Accounting Explained – Accounting Resource

What is it?

Accounting Explained is a free online resource that provides information relating to financial and managerial accounting.  The website is split up into a few different sections.  On the home page, you can find the most popular topics searched on the website. At the top of the website, you can find three other categories: financial accounting, managerial accounting, and miscellaneous (this includes simple versus compound interest, sole proprietorship, partnership, corporation, weighted average cost of capital, and an introduction to corporate finance).

Within each topic, you can find a not too detailed, but detailed enough page of information that includes examples of the materials that were just discussed.

What do I like about it?

– Information is detailed, but overly detailed that it loses the reader’s attention.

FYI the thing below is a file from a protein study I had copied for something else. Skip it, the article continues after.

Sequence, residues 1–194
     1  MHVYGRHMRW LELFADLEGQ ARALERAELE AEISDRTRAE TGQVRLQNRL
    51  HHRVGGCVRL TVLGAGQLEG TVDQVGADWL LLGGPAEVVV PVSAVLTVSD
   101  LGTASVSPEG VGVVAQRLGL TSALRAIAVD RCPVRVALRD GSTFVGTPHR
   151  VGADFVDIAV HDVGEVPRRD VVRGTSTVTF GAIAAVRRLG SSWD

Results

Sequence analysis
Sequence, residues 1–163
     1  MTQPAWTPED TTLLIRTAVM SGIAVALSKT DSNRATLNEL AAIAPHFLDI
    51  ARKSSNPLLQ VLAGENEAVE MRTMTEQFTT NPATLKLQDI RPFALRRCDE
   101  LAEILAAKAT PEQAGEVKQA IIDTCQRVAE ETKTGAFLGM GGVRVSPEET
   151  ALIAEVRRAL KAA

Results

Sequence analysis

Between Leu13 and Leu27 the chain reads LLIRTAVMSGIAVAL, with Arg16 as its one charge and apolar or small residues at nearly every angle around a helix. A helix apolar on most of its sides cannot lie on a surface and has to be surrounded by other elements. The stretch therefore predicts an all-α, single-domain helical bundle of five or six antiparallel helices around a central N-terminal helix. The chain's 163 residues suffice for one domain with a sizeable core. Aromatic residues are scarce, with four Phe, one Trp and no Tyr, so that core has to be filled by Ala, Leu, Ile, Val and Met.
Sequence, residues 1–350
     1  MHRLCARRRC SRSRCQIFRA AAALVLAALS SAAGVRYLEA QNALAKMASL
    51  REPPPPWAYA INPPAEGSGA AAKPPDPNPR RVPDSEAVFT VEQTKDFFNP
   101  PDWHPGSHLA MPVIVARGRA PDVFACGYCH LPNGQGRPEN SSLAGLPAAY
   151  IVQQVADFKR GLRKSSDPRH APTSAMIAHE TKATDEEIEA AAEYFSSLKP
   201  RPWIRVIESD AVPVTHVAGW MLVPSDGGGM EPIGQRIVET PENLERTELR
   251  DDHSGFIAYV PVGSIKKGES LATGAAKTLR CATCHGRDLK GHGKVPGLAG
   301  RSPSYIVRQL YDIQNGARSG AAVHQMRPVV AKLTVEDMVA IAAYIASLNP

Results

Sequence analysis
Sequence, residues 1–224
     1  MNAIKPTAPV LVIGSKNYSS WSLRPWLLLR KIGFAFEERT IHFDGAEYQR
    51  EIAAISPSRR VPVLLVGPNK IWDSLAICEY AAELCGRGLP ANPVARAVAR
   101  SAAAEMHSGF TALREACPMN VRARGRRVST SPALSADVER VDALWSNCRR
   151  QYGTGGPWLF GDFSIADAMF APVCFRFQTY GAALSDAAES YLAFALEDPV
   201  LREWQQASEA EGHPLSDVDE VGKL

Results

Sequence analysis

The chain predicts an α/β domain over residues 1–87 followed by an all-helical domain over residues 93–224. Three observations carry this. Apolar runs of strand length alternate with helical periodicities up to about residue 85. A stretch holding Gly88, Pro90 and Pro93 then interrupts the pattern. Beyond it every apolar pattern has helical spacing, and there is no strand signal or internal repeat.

– A search engine is provided to help make information easily accessible.

– The information usually contains at least one example to help ensure the reader understands the information.

– Website is user friendly and organized.

– Some of the information includes easy to remember acronyms to help readers understand the material better.

– There is a “most popular topics” section which can engage anyone who is interested in the topic or for those searching for extra help.

– A few of the information pages provide charts and pictures where possible.  One example can be found on the page with information about the accounting cycle.

What do I dislike about it?

– Although I appreciate the website including at least one example in many of the information pages, I sometimes wish that there were more.  Sometimes, one example isn’t enough and another example could have been extremely helpful.